On 14 October 2023, Australians will vote in a referendum ‘To alter the constitution to recognize the First Peoples of Australia by establishing an Aboriginal and Torres Strait Islander Voice.’ Since the announcement, debate has become increasingly divisive with allegations of scaremongering and dishonesty escalating fears for the future. What, if anything, do those of us who work with individuals, couples, families, and their wider world have to offer?
Is there an Analogy to Guide our Thinking?
Imagine a family who seeks therapy to help them resolve a difficult situation following marital separation. The family consists of separated parents, their children, and one new partner. Bitter divisions appear due to one parent and their partner believing they are now the ‘real’ family as they have more financial resources and offer the children a home with two adults. They argue that the other parent is not required and engaging them in any dialogue about the children is difficult, uncomfortable, and time consuming. They are concerned that if they speak together, they cannot predict the direction this dialogue could take, given the deep differences between the two parents. This belief has fueled the alienation of the other biological parent who is increasingly excluded from ordinary conversations about children and their lives. That parent is hurt and angry. They argue that they have a right and responsibility to be included in the dialogue about the decisions to be made about the future of the children.
What Would we Say?
It seems unlikely that we would agree that the less advantaged parent should be excluded. Looking beyond the immediate debate about who can make the best decisions we would speak to the impact on the children of fracture and our knowledge that finding themselves caught between will be much more destructive than the debatable merits of one parent’s choices over the other. We would address the risk of the fracture escalating to the point where the children feel compelled to choose one side and in so doing lose what is good on the other. We would work to find a way for all parties to speak respectfully, to listen to each other, to create a richer, more inclusive world where things are not always predictable but may be better for that.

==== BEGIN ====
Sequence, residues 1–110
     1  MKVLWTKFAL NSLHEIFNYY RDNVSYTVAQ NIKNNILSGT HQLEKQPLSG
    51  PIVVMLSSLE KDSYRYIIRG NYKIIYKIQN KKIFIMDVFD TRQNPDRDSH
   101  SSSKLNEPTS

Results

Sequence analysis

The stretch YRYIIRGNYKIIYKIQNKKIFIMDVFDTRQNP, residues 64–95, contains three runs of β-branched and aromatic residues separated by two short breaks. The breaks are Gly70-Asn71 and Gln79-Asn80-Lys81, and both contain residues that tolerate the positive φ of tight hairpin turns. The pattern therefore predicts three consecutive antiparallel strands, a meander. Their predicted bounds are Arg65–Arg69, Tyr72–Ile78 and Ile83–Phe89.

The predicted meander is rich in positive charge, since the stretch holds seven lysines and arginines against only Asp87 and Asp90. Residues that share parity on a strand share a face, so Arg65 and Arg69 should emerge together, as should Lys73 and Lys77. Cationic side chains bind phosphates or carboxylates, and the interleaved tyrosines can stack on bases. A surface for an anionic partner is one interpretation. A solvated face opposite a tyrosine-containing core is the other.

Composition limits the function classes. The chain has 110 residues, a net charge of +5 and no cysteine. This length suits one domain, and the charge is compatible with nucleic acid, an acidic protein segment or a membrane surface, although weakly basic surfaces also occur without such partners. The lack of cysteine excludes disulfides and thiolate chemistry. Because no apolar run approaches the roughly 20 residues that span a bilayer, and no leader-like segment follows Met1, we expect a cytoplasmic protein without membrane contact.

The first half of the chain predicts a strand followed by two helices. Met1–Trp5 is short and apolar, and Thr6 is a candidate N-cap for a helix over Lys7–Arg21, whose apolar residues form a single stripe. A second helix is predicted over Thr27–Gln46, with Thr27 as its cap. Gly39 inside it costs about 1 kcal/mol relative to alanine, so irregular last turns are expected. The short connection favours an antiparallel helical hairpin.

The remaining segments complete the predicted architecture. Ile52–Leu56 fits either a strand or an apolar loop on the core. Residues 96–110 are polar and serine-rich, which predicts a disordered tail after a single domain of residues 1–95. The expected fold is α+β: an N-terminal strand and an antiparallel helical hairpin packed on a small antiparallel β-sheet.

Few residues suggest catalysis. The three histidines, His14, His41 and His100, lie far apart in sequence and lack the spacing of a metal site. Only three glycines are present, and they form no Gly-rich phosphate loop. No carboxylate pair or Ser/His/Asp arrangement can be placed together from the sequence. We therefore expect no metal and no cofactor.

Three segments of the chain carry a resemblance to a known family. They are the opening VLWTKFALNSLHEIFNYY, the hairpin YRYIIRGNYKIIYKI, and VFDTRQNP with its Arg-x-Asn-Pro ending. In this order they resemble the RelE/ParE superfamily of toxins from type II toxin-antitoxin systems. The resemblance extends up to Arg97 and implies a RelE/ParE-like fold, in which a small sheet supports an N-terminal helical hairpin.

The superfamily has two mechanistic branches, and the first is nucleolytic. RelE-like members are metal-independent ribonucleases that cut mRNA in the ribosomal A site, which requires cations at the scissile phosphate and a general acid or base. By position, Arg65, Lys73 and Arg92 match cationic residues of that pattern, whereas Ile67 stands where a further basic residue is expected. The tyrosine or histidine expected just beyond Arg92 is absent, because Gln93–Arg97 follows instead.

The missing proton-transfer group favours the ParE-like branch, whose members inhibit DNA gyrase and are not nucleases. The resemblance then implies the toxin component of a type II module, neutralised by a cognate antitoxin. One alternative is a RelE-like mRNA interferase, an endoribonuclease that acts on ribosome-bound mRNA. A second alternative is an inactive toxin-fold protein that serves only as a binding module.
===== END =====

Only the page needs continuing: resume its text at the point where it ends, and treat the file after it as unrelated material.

Neutrality or Taking a Stance?
One of the guiding principles of systemic practice is that of neutrality, better described as even-handed, doing justice to each person, their perspective, and the question of change. This is a highly effective stance which allows for a fair and equitable engagement by all parties in the therapeutic process. Neutrality has its limits. When a practitioner recognizes that the conduct of one person or group is detrimental to others, the practitioner has a responsibility to review their participation in this process and take a position in favor of the less advantaged party. Similarly, practitioners do not usually take a position in relation to political debate. However, there are times when an understanding of systems and the potential consequences of decisions makes speaking up a responsibility.
In order for the analogy to truly reflect the current situation we would need to appreciate that this ‘marriage’ was forced upon the less than equal party who entered it with no choice, and that it was always an exploitative, unequal relationship characterized by deprivation and unrelenting disadvantage. Whilst we do not know what the dialogue in this country will look like if we say ‘Yes’, we do know that exclusion, and the silencing of this Voice will fuel a fracture that will cause deep injury to all of us. Voice, Treaty, Sovereignty. ‘Yes’, will allow the nation to enter this dialogue on more even terms.
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